We feel, therefore, that we are entitled, upon your own principles, to assert that our Bishops have never lost their authority in England; and that we are at full liberty, when we please it, to send over to you faithful men, deriving apostolical authority from ourselves. If you still hesitate, however, (and we know not how you can,) we shall terminate all your hesitation by the following appeal to your own consciences and good sense.

You admit that we are a Bishop in our city of Rome. You have no doubt concerning our apostolical succession; and have no doubt, consequently, that we are to be "reverenced as Christ's representative," as decidedly as if you "actually saw upon our head a cloven tongue like as of fire." We invite you, therefore, into our presence; and while we exercise our apostolic functions towards you, you will, as in duty bound, submit implicitly to our instructions. That, therefore, which we teach in [20/21] Rome must be true, and our children will not, by questioning its truth, make shipwreck of their own faith and of a good conscience. Now, dear children, we appeal to yourselves. Is truth divided? Can that be false in England which is true in Rome? Is not the Catholic Church more extended than that of which you profess to be members? Is not that which is true at Rome true in every quarter of the Catholic world; for have we not Bishops in every clime? Is it not far more probable that those whom you call Bishops in England have failed in the point of apostolical succession, than that there should be two truths? We speak as unto wise men; judge ye what we say. The Apostles did not differ in doctrine from each other, neither can those who are to be received undoubtingly as the representatives of the Apostles. You do not doubt that we and the Catholic Bishops are "successors of the Apostles;" and that all "have the same reason for reverencing us as the primitive churches of Ephesus and of Crete had for honouring in Timothy and in Titus the apostolical authority of him who had appointed them." Would those primitive churches have reverenced Titus or Timothy, if, leaning to their own understanding, they had rejected their instruction? No, beloved children; you will not act worse than the infidel;--he rejects our instruction because he presumptuously denies our authority. You will not be so inconsistent as, while you discard his principles, to adopt his practice!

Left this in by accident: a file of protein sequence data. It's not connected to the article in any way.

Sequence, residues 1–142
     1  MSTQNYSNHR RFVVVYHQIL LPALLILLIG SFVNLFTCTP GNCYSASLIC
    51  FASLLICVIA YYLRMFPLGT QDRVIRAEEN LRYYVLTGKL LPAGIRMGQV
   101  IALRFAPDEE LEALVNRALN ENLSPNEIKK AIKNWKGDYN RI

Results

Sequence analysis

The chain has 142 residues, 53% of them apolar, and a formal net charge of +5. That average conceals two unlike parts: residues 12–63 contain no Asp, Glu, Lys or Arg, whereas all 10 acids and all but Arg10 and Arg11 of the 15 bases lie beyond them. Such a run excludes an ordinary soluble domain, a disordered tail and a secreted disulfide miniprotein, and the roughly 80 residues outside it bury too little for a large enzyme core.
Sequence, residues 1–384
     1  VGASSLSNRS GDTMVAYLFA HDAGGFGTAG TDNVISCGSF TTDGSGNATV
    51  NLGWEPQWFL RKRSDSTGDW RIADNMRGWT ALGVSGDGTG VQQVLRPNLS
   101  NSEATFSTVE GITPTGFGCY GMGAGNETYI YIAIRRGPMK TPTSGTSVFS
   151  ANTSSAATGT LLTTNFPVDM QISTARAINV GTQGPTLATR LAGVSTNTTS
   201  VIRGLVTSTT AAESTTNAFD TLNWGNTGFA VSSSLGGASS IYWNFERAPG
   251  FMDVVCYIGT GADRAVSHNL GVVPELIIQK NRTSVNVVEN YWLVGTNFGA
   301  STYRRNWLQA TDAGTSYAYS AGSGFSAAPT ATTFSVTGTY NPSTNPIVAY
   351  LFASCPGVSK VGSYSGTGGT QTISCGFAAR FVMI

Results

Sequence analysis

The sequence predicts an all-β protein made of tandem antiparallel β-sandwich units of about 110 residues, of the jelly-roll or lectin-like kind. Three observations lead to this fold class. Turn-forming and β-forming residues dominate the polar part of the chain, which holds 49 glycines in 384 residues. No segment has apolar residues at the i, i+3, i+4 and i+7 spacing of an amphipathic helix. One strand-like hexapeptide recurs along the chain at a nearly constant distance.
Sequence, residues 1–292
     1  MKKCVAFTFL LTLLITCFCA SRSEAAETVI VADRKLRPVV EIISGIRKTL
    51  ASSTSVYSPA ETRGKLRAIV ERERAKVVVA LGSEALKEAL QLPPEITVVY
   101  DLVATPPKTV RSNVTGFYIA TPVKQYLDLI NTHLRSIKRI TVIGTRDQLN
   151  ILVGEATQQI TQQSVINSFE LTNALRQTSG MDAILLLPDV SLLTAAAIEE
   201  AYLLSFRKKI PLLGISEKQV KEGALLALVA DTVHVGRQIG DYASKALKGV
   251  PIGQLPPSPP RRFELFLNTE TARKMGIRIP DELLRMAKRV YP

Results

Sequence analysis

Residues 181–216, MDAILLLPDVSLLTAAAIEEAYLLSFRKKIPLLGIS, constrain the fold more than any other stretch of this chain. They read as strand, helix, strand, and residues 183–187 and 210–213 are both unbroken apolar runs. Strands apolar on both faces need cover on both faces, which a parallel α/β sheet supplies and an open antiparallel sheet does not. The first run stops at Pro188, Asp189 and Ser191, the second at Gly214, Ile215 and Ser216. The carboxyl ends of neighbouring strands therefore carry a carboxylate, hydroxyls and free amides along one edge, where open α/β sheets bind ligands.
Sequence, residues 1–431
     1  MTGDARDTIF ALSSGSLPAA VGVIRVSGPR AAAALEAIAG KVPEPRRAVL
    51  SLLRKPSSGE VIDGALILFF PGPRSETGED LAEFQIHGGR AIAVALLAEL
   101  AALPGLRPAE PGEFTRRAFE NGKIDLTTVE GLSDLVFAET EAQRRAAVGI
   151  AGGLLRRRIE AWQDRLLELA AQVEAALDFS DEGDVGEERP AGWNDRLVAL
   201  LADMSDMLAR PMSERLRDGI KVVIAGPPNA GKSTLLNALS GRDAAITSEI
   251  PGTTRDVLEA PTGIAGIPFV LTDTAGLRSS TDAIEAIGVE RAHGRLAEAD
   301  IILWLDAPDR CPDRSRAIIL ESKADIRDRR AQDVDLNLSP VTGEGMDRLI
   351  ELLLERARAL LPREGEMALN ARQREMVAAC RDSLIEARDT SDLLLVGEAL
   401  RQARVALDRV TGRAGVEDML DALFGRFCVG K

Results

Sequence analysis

We would urge you, dear children, to weigh this argument well: and it will convince you that the [21/22] views which the Catholic Church has taken of your Nag's-head ordination must be true. From the very fact which you admit,--that we are the successors of the Apostles, to be reverenced like them, you might conclude that those who have assumed the office of Bishops in England can have no claim to this authority, because you cannot reverence us and them; but lest you might be perplexed, it was wisely ordered that the falsehood of their consecration should have been made known to all men by the mode in which it took place.

Dear brethren, you have well and truly described the source of all the evils which in later years have perplexed the Church, and brought ruin upon so many who might otherwise have remained undoubtingly in her peaceful bosom.--"At the Reformation the authority of the Church was discarded by the spirit then predominant among Protestants, and Scripture was considered as the sole document both for ascertaining and improving our faith. The question immediately arose,-- 'Is this or that doctrine in Scripture?' and, in consequence, various intellectual gifts, such as argumentative subtilty, critical acumen, knowledge of the languages, rose into importance, and became the interpreters of Christian truth. '" [* Tract No. XLV. p. 1.]